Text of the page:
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Placing Classes in Separate Files

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I felt like I understood classes enough to start placing them in separate files, so I watched a tutorial, but it didn't go as far as adding the public and private parts. I can get as far as adding a simple cout << "whatever"; but once I actually try to make a functional class, I get these errors...

Character.cpp|8|error: expected ')' before ',' token|
Character.cpp|8|error: expected initializer before ')' token|
||=== Build finished: 2 errors, 0 warnings ===|

What am I doing wrong?

character.h
#ifndef CHARACTER_H #define CHARACTER_H class hieght { public: hieght(); }; #endif // CHARACTER_H 

Character.cpp
#include <iostream> #include <string> #include "Character.h" using namespace std; hieght::hieght(f, g) // error is pointing here { setHigh(f); setLow(g); public; setHigh(h) { high = h; } setLow(l) { low = l; } int getLow() { return low; } int getHigh() { return high; } private: int low; int high; } 

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Are you sure you're only getting 2 build errors?
Firstly, the definition of your constructor takes no argument but your implementation is taking 2 arguments f and g.....
Secondly, we don't define a class's member function inside its constructor... all the private and public parts should be in the class definition not the constructor.
Thirdly, you are not providing any type to any of the variable used... in c++ there is no default type nor is it typeless like python...

Ok!! so a working version of your code might be...
character.h
#ifndef CHARACTER_H #define CHARACTER_H class hieght { public: hieght(int f, int g); int GetHigh(); int GetLow(); void SetHigh(int h); void SetLow(int l); private: int low; int high; }; #endif // CHARACTER_H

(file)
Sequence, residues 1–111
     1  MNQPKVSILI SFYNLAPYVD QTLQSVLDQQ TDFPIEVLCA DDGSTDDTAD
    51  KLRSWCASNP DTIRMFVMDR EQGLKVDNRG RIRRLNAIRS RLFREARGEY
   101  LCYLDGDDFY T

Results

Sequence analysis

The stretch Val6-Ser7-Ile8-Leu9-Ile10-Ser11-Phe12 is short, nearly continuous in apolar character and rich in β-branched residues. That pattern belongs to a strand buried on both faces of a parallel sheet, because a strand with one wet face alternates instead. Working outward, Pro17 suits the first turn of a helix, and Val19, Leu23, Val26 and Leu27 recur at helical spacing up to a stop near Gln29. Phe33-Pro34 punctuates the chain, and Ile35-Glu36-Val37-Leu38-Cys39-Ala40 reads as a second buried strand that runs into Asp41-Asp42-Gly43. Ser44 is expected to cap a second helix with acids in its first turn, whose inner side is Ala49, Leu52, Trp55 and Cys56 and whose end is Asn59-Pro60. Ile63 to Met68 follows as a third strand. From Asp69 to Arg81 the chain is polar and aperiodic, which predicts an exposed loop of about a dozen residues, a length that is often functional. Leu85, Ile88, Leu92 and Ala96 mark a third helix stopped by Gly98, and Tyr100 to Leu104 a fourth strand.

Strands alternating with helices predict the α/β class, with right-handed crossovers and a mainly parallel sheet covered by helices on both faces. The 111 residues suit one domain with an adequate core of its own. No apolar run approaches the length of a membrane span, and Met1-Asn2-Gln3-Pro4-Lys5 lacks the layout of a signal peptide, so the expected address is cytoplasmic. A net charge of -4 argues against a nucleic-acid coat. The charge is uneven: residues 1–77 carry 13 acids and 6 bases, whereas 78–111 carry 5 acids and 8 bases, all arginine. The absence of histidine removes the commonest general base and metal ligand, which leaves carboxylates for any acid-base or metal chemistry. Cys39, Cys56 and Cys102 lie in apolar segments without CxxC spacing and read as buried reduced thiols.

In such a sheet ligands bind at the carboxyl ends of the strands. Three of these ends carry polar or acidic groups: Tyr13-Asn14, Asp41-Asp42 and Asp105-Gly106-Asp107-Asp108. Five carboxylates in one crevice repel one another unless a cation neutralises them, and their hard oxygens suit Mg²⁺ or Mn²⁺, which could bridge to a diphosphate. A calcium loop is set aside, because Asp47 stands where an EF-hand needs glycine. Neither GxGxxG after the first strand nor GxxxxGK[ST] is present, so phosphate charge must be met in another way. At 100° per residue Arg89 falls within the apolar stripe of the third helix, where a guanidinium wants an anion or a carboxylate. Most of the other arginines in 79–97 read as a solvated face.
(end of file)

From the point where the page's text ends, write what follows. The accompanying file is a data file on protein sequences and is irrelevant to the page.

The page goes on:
character.cpp#include <iostream> #include <string> #include "Character.h" using namespace std; hieght::hieght(int f, int g) // error is pointing here { setHigh(f); setLow(g); } void hieght::setHigh(int h) { high = h; } void hieght::setLow(int l) { low = l; } int hieght::GetLow() { return low; } int hieght::GetHigh() { return high; } } 

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I saw you didn't have a public or private section in the class. Am I suppose to leave that out?

Here's my new list of errors, followed by my current code.

Character.cpp||In constructor 'height::height(int, int)':|
Character.cpp|14|error: expected primary-expression before 'public'|
Character.cpp|14|error: expected ';' before 'public'|
Character.cpp|16|error: a function-definition is not allowed here before '{' token|
Character.cpp|20|error: a function-definition is not allowed here before '{' token|
Character.cpp|24|error: a function-definition is not allowed here before '{' token|
Character.cpp|28|error: a function-definition is not allowed here before '{' token|
Character.cpp|31|error: expected primary-expression before 'private'|
Character.cpp|31|error: expected ';' before 'private'|
Character.cpp|33|warning: unused variable 'high'|
||=== Build finished: 8 errors, 1 warnings ===|

#include <iostream> #include <string> #include "Character.h" using namespace std; character.cpp height::height(int f, int g) { { setHigh(f); setLow(g); } public; void setHigh(int h) { high = h; } void setLow(int l) { low = l; } int getLow() { return low; } int getHigh() { return high; } private: int low; int high; } 

Character.h
#ifndef CHARACTER_H #define CHARACTER_H class height { public: height(int f, int g); void setHigh(int h); void setLow(int l); int getLow(); int getHigh(); private: int low; int high;}; #endif // CHARACTER_H 

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Look at your character.cpp code compared to newbie_gamer's -- the syntax is completely different (wrong).